You’ve poured everything you have (and a little bit more) into creating an offering that you’re immensely proud of. Now, all that’s left is to sell it. After all, a product that doesn’t sell is about as prized as a book that’s never read. But that doesn’t worry you.
“Easy,” you think to yourself. “I’ll just whip up a sales page, share how awesome my offering is and then voila – the customers will start rolling in.”
There’s just one problem; you’re sitting there, head in your hands, disjointed ideas whizzing around in your mind like irritated mosquitos and nothing is coming out. Nada. And even though you know how irresistibly valuable your offering is, you can’t seem to find the words to convince others of that fact.
What should you do?
Never fear, the word doctor is here! Or, at least, somebody who has been where you are. You see, in addition to running a copywriting business that wrangles sales pages into submission on the daily, I’ve also launched more products than I can count. And after much trial and error, I believe I’ve pinpointed a three-step formula to crafting a sales page that, well, sells. Here’s how.
Throw out everything you thought you knew about your offering.
And I mean everything. You’ll have to build your page from the ground up. Why? Because you’re too close: you’re fitted with a macro lens when you should have a panoramic, wide lens (with a little magnifier that allows you to zoom in) on your noggin. So pretend you’re on a first date with your offering and start getting to know each other again.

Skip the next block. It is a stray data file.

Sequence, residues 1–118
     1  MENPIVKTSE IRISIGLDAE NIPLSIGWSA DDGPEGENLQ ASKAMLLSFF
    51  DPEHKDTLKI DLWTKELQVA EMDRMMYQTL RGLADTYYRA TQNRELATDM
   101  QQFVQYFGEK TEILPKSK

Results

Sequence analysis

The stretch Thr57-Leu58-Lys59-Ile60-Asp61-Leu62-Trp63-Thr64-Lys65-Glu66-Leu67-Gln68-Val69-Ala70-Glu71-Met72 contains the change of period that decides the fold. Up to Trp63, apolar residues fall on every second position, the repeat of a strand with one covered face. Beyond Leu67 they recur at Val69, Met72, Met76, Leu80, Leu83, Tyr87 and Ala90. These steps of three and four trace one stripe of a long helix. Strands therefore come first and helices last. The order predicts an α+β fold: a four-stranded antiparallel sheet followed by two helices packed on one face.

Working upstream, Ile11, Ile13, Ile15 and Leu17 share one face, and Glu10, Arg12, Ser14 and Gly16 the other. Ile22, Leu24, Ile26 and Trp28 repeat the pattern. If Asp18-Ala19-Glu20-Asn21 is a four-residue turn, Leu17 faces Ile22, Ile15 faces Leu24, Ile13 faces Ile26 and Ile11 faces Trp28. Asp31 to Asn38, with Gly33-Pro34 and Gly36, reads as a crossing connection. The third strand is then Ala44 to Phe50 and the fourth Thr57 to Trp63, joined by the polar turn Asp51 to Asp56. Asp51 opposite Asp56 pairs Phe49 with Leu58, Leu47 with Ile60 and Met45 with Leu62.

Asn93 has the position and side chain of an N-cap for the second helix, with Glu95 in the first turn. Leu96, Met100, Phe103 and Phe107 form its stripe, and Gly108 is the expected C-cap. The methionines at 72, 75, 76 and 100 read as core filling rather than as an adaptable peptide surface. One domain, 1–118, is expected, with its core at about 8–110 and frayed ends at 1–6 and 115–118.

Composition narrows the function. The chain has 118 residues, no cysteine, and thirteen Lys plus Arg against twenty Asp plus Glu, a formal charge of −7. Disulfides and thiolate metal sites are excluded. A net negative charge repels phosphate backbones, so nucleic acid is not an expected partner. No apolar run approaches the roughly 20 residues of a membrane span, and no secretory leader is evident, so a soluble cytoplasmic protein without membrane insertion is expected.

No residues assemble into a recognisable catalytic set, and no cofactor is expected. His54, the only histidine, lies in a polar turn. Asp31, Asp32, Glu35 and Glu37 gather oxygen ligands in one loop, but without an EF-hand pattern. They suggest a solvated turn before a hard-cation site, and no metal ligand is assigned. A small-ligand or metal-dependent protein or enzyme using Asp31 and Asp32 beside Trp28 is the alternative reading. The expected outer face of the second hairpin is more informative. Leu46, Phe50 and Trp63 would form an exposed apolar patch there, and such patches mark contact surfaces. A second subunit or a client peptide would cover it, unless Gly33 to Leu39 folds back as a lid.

Speed date your offering.
Yep, it’s not just a date; it’s a speed date. And you’re going to be asking some deep questions in quick succession. My suggestion is to get a friend within your target market – that hasn’t heard about your offering before – to ask you their questions. They’ll likely want to know what it is, what it does and how it’s different to what’s already out there. And you’ll need to explain it in a way that makes sense and sounds convincing. Which is why it’s a good idea to record the conversation to listen to later so you can pull out key (and irresistible) snippets to use in your sales page. And then, finally …
Make them care.
Imagine a magazine ad displaying a picture of a shiny, white box. Underneath it says: “State of the art technology fitted with intelligent time-saving, life-changing features.” You blink. Narrow your eyes. And then flip the page.
After all, you have no idea what the thing does and you’re certainly not going to go hunting for the information. So, and here’s the clincher, why should you care about its apparently cool features?
Now imagine that underneath the white box it says: “What if you never had to wash your clothes again?” Well, now you’re interested. You keep reading. “Our intelligent household companion automatically purifies your clothing from the inside out with antibacterial air for sweet-smelling, hygienic, stain-free and freshly cleaned clothes in just seconds. No washing machine, no dryer, no wasted time … just instantly clean clothes at a touch of a button.” Heck, even I want that baby - and I know it doesn’t exist!
So, why did the copy work so much better the second time around? Because it gave me a reason to care. It solved one of my problems: wasting time washing my clothes. And then it got to the root of it all: how it’ll guarantee I never have to wash my clothes again.
That’s what your sales page needs to do: intrigue your reader in just seconds (by telling them why they should care) and then woo them with a persuasive, emotive explanation of how your offering solves their problem in a way no other product or service does.
And that, my friends, is a sneak peek of how to write an irresistible sales page that sells.
Words: Cass Lane, Wild Spirit Co.